Dead Letter Game
September 30, 2003
up early, nattering into a bucket, which passes for a typewriter for a time machine -- in the arch-reservations of vainglory, the buddy-buddy "necessity" of filling in gaps -- all of these were pages, and in that still quiet preserve, nothing would ever come of it : except :

the smell of electricity -- i did look the part of the caretaker but stop, reverse direction, review the rules, carry on -- the rush to project mental spaces onto a waiting page "at work in my body"

consider this an opening, a venturing out -- the water in the pot kept coming out black -- and yet, I never left that place, scuttling chairs from room to room, that very moment (all of them) a dance of little appeals -- some days, it takes longer to admit...

i liked the hunger best, the fear of the flame before the ashes, the occupied diversionary transition as ploy, as seasons apply, writing to know just prior to recognition, before appropriation -- or the frame "we construct from your body," the face in the air, the heavy scale of winter
September 25, 2003
My Picks for the Week (winners in bold)

avoided at embraced
fragments at casual links
field at house
move at capture (shut-out)
explained at that reversed
surfaces at surfaces (rain delay)
articulation at play
"Moments of conviction" at Do/Make
escape at missing words
September 10, 2003
Dead Letter Game: User Manual (notes for assembly)

1. Rules and Objects [past...] (review/context/obsessions/concerns)

- What were the rules? (did, did not, could, could not, you would, you might have, avoided, embraced, must have, could have, ...)
- What were the objects? (to..., the first to..., ...)
- What were the objects? (local things, pieces, "fragments," "casual links," "secrets" (Hocquard)

         [to ashes]

2. Equipment [present] (derived from R&O)

- Surfaces? (board, table, court, rink, ground, field, room, house, neighborhood, town, city, space, memory, head, data, ...)
         [what comes up / emersions]
- Pieces? (manipulate, move, choose, direct, exchange, capture, trade, value, fetish/extension, sign, symbol, substitute)
         [free radicals]

3. Preparation [present / future]

- What to do before play begins? (established, laid out, clarified, explained, or that reversed)
- How arrange pieces (equipment) and on what surfaces?
- How prepare surfaces?

         [realm of question, caution]

4. Play [future +]

- To play, as play, in play
- Articulation of a secret
- No turning back, just gathering
- "Moments of conviction" (Hocquard)
- Do/Make

5. Keeping Score [(free tense)]

- How list? How escape? What list? What escape?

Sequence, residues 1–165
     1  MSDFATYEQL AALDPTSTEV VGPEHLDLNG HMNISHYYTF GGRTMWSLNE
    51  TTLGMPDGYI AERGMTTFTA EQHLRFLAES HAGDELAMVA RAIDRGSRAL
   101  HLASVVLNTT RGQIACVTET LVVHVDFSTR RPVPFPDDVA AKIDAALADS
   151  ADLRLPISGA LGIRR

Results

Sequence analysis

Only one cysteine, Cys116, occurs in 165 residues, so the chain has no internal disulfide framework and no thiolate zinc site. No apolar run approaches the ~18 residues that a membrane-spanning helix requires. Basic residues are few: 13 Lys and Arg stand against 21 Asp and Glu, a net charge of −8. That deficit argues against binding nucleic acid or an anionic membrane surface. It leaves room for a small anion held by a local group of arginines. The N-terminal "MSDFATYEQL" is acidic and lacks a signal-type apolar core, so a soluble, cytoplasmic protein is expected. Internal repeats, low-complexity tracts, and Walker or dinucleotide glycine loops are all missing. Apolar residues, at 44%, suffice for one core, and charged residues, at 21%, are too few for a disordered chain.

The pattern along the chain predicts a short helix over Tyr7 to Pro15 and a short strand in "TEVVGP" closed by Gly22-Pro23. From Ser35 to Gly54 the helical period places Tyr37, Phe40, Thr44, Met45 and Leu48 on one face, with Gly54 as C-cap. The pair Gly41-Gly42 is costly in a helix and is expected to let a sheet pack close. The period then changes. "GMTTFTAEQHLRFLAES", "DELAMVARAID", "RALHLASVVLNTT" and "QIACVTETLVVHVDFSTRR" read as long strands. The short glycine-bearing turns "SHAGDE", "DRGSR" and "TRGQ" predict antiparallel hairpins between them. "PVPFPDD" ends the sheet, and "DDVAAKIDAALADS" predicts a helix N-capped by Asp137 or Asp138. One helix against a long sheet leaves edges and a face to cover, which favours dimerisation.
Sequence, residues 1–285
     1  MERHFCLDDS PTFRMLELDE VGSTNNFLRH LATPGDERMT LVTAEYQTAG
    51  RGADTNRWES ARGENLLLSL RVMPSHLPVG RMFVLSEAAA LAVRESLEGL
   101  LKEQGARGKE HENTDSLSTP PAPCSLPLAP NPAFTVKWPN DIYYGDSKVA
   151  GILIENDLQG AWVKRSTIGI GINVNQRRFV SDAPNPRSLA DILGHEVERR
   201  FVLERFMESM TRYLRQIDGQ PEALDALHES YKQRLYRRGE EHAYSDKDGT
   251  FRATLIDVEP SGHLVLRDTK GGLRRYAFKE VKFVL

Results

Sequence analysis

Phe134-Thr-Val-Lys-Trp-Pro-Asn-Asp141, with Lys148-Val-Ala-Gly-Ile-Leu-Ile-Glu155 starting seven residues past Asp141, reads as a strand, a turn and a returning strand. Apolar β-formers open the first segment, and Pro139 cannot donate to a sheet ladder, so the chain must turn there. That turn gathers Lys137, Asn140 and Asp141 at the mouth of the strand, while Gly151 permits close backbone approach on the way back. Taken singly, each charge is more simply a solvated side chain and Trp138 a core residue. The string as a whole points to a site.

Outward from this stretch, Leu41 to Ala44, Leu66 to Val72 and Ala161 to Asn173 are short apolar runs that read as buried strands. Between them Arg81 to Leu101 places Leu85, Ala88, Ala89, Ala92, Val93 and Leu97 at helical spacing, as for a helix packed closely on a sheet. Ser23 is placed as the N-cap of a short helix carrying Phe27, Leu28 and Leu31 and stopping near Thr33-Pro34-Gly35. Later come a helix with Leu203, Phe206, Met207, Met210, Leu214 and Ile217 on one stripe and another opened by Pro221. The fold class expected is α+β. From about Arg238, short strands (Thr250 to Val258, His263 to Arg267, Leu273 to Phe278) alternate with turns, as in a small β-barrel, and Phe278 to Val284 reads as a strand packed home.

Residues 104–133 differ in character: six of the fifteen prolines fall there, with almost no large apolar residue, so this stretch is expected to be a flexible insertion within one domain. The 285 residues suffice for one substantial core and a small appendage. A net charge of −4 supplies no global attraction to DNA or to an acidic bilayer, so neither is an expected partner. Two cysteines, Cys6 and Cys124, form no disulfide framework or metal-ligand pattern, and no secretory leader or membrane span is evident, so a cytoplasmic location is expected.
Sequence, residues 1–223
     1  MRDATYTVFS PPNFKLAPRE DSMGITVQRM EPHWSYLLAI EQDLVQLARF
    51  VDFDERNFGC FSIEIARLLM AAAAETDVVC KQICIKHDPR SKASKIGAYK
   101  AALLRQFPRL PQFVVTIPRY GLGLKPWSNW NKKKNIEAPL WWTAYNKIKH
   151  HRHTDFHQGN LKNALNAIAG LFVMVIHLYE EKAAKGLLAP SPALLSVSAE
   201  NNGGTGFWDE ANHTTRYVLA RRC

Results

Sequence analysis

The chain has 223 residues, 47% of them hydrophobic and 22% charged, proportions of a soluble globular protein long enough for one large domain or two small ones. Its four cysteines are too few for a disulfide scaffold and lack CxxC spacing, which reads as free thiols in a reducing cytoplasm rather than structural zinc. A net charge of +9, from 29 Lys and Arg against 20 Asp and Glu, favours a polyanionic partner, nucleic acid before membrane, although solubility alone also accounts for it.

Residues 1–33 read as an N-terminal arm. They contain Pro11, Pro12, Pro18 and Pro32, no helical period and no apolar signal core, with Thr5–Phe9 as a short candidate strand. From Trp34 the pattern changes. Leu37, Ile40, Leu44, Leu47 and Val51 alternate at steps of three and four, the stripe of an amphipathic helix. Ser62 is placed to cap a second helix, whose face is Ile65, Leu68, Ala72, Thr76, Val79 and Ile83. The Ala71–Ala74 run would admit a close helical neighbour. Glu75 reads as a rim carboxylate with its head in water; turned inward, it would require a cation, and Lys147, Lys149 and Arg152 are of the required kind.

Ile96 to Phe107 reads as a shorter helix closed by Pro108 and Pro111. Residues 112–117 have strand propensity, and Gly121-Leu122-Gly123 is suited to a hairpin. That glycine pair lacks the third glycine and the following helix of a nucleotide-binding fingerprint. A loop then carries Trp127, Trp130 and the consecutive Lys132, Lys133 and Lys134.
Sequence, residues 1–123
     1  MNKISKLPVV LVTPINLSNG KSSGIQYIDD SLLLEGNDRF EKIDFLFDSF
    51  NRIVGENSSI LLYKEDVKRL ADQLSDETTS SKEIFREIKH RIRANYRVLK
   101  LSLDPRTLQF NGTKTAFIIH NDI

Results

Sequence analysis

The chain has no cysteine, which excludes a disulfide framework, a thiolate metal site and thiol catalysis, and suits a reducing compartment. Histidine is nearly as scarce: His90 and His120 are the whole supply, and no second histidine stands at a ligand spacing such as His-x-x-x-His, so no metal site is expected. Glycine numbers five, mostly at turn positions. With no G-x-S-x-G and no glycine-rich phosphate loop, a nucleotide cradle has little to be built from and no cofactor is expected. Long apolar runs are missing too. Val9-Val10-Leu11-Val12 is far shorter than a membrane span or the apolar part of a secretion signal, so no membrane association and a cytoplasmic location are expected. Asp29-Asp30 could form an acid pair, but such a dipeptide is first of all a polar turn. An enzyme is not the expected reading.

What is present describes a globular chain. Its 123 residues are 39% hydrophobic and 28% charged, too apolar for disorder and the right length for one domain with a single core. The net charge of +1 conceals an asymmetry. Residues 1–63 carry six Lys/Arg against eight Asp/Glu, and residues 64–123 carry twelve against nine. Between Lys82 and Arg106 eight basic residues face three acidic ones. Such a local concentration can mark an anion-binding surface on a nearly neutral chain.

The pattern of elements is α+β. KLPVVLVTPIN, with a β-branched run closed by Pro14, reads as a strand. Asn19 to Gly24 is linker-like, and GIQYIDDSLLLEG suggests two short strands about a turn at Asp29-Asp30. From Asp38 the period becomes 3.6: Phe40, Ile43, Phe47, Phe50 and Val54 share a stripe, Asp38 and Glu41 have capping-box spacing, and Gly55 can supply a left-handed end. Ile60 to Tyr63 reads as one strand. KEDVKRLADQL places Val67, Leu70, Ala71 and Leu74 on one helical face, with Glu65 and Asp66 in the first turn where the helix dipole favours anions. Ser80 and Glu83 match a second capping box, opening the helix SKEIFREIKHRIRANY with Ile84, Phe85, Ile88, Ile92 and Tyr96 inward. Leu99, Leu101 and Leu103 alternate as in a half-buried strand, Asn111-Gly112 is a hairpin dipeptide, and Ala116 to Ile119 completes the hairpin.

- What learned? (as missing words)

September 1, 2003

Memories are words, phrases, spoken things. Not the past nor pieces of the past but language and pieces of language in the present.

Contrary to the nostalgic elegist who proclaims his longing for the golden age, innocence and paradise lost, the reverse elegist, who loves to laugh, study and play, makes a deal, trading ennui and a serious spirit for play, work for study and sadness for delight.


"I'll do what the others do, but backwards. I'm going to rifle through the trashcan of my past and the waste of history. With this miserable material, disparate and anecdotal, in other words, very private, I'll see what footage can be saved to edit. Yes, I'm an editor."

Now, scrutiny will reveal nothing in particular if not perhaps an above normal rate of past tense. It is, in fact, quite unusual to find verbs in the future tense in an elegy. And when there is one, it is generally in the form of a negative. E.g.: I will never see you smile at me again. The elegiac poet is a resolute pessimist.

The reverst elegist flees representation ... plays with things as they exist ... with language as it exists ... does not turn back ... does not dig ... gathers ... .

The Recipient the Messenger the Letter.
Three maps.
A game played in fifteen rounds.

Let us say period. Let us not deplore the slow-
ness of the mail.

A small enterprise of assembling loose pieces
and its network of distribution in spaces we call

The messenger delivers his message to the
messenger opposite.
The message contains the words that cannot be

Grammar and fiction are one.


[Emmanuel Hocquard, This Story Is Mine (Instress '99), A Test of Solitude (Burning Deck '00)]

Round One: Ex Nihilo [06.05.03 - 08.22.03]

Round Two: Futures [09.30.03 - 12.27.03]

Decom(press/posit)ion [01.01.04 -

Flip the Page: the body of the assassin {blog}

06/01/2003 - 07/01/2003 / 07/01/2003 - 08/01/2003 / 08/01/2003 - 09/01/2003 / 09/01/2003 - 10/01/2003 / 10/01/2003 - 11/01/2003 / 11/01/2003 - 12/01/2003 / 12/01/2003 - 01/01/2004 / 01/01/2004 - 02/01/2004 / 02/01/2004 - 03/01/2004 / 03/01/2004 - 04/01/2004 / 05/01/2004 - 06/01/2004 / 07/01/2004 - 08/01/2004 / 01/01/2005 - 02/01/2005 / 04/01/2006 - 05/01/2006 /

An experiment in memory excavation and obsessive existentialist detailing, Dead Letter Game is ideal for one or more players ages 12 and up. The game once started plays indefinitely. Players will soon recognize that the end is in sight but ever receding on a horizon replete with potential outcomes. This is not a continuous present so much as a persistent continuum. To stop and start again is to play the same game only differently. Do not be startled if patterns emerge, which is normal under ideal playing conditions. The game as played here is neither the all nor the part of it. Down to the very letter as well as out beyond its margins you will find the dead letter game, whole and in progress. An open-source document, DLG automatically self-absorbs upon completion, returning to the epistolary commons from which it came.

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